- Then two conversations happened that had a huge effect on me. I had lunch with CPA Renda Burkhart. She’s not my CPA, just a friendly acquaintance. Over lunch I mentioned the situation with the house and our love of downtown but how it was not a very good time to sell a house. “Cynthia, life is short,” she said seriously. “Don’t let a few dollars stand in the way of you living where you will be really happy. Real estate will take years to get back like it was before — if it ever does. If you and Alan are passionate about it, you need to do it. Don’t wait out the market.” I shared that with Alan and he agreed. But it just killed us that we had spent so much on the house and now were thinking of moving. You can never recover your investment in furniture and such.
- The second conversation was with our new friend Robert Loest, who has since passed away. He was a nationally known financial adviser and fund manager and a downtown resident and enthusiast with whom we had Sunday brunch almost every week. He reacquainted us with the concept of “sunk costs” — which I had chosen to forget about since my economics courses in college!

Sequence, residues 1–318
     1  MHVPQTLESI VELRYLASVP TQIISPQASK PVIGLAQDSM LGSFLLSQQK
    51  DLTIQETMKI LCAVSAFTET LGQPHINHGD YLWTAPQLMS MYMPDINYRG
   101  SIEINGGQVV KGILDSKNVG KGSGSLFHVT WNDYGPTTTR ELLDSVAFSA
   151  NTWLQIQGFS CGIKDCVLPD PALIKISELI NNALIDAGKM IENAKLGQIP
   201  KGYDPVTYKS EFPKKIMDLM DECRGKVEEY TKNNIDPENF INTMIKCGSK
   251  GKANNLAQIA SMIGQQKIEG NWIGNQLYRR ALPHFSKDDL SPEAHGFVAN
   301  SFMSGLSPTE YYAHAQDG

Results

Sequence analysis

- Alan and I talked and talked. We took the opportunity to purchase the condo next to our original condo and we hired a contractor to combine the two units. Then, in August, we saw Jeff Lee and his wife, Christie, at a party we had at Regas to thank people who had been on this blog the most. “When are you going to sell me that house?” Jeff joked, as had become his habit. “We are going to sell it to you now!” I said. Stunned, Jeff rushed off to find Christie. We closed on the sale this past Monday and, after all the signing, we toasted the deal at the title company’s conference room table with Veuve Clicquot, Christie’s favorite champagne.